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so I've been working with R quite a while now, but due to very stressful deadlines in my last university module I had, I wrote code that I'm not very proud of. I would like to be more efficient in data wrangling, e.g. reading files, rearranging and cropping dfs. Here's a short excerpt of my code

 # Reading files
 org_bm <- read.delim("DE_gebesee_metrx_org_physiology-daily.txt")
 t_bm <- read.delim("DE_gebesee_metrx_t_physiology-daily.txt")
 co2_bm <- read.delim("DE_gebesee_metrx_co2_physiology-daily.txt")

# Format Dates
org_bm$datetime <- as_datetime(org_bm$datetime) + years(98)
t_bm$datetime <- as_datetime(t_bm$datetime) + years(98)
co2_bm$datetime <- as_datetime(co2_bm$datetime) + years(98)

# Select cols
org_ghg <- select(org_ghg, c(datetime,
                         aN_n2o_emis.kgNha.1.,
                         aC_ch4_emis.kgCha.1.,
                         aC_co2_emis_hetero.kgCha.1.,
                         aC_co2_emis_auto.kgCha.1.))
t_ghg <- select(t_ghg, c(datetime,
                     aN_n2o_emis.kgNha.1.,
                     aC_ch4_emis.kgCha.1.,
                     aC_co2_emis_hetero.kgCha.1.,
                     aC_co2_emis_auto.kgCha.1.))
co2_ghg <- select(co2_ghg, c(datetime,
                         aN_n2o_emis.kgNha.1.,
                         aC_ch4_emis.kgCha.1.,
                         aC_co2_emis_hetero.kgCha.1.,
                         aC_co2_emis_auto.kgCha.1.))

As you can see I mastered c/p and "search and replace" XD But seriously, I'm wondering how I could "automate" these tasks. Maybe loading everything into a list and than write helper functions to apply certain actions (i.e. date formatting, selecting cols) to every list entry ?

I've always struggled to find good practice tasks, b/c during class I usually don't have the time to read up on nicer ways to make things work. So if anybody has some suggestions on where to find exercises on data analysis tasks, I would very much appreciate that.

Looking forward to read your replies ! Leon

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You can do more conversion as you read the data. The magic is done by the colClasses parameter to read.delim(). That parameter allows you to (1) convert the DateTime whilst reading and (2) drop unwanted columns.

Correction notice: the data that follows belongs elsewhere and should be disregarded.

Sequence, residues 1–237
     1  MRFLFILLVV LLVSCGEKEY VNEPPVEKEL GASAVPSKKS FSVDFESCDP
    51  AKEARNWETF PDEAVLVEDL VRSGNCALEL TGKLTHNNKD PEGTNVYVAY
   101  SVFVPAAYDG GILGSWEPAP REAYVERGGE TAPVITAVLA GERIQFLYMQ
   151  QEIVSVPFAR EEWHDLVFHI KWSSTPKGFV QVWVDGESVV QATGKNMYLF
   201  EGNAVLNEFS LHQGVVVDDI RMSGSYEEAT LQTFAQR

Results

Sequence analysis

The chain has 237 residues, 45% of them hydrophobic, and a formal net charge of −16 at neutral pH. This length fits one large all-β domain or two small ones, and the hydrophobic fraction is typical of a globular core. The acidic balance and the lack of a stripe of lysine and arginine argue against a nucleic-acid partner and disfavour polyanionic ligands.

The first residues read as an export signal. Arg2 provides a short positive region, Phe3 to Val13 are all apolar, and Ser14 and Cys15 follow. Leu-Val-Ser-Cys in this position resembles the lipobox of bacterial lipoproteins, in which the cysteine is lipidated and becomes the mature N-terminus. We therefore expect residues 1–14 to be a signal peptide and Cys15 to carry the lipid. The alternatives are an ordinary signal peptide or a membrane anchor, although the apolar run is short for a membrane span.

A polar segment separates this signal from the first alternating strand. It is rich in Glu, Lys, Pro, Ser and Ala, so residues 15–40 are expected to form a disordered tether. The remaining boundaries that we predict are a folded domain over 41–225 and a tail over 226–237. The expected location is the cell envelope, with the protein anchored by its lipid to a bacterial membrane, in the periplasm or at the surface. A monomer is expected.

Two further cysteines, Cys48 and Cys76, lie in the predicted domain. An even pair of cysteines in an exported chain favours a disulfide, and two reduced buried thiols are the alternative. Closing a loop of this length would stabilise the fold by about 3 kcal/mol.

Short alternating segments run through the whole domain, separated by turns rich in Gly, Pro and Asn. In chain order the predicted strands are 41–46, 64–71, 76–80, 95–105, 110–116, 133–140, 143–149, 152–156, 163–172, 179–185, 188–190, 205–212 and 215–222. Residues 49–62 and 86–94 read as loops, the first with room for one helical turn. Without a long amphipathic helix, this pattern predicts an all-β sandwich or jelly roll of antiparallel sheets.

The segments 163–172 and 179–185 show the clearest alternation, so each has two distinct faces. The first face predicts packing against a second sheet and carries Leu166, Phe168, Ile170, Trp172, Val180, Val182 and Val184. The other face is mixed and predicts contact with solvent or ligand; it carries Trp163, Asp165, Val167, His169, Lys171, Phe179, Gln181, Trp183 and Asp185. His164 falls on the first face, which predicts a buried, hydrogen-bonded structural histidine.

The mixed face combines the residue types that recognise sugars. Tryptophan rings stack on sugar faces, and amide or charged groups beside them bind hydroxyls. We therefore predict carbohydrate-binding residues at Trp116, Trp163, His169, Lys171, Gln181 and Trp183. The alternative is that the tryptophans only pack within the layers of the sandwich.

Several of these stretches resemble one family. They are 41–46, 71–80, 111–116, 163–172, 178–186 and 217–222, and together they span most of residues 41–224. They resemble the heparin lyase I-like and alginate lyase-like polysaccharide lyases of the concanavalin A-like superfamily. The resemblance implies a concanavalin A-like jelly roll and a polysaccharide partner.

Now I don't know what your data looks like, but here's a rough outline of how to read a datetime (untested). Note that you can do the + years(98) within the data-parsing class as well.

library(methods)
setClass("myDateTime")
setAs("character",
      "myDateTime",
      function(from) as.DateTime(from, format="%Y-%m-%d %H:%M:%S", tz=Sys.timezone())) + years(98)

d = read.delim(..., colClasses = c(..., "myDateTime", ...))

For the columns you want to drop, code them as "NULL" (note the quotes).

d = read.delim(..., colClasses = c("numeric", "myDateTime", "NULL", ...))

This not only shortens your code, but by explicitly telling read.delim() the datatype of each column the read is 2x faster. And of course there aren't two copies of the data in memory after the parsing.

You might also want to look at the skip= and col.names=c() parameters as they allow you to decide the names of the variables, rather than having those decided by the input file. If you decide to use colCLasses=c() you'll almost certainly want to skip the column headings rather than program a class which reads strings for row 1 and a different datatype for the remaining rows.

BTW, if you have to do complex manipulation of input data, then the tidyverse's readr and dplyr libraries have useful improvement over the shipped R libraries. Regardless of your use or not of Tidyverse, its book is worth reading if you are an R programmer: https://r4ds.had.co.nz/

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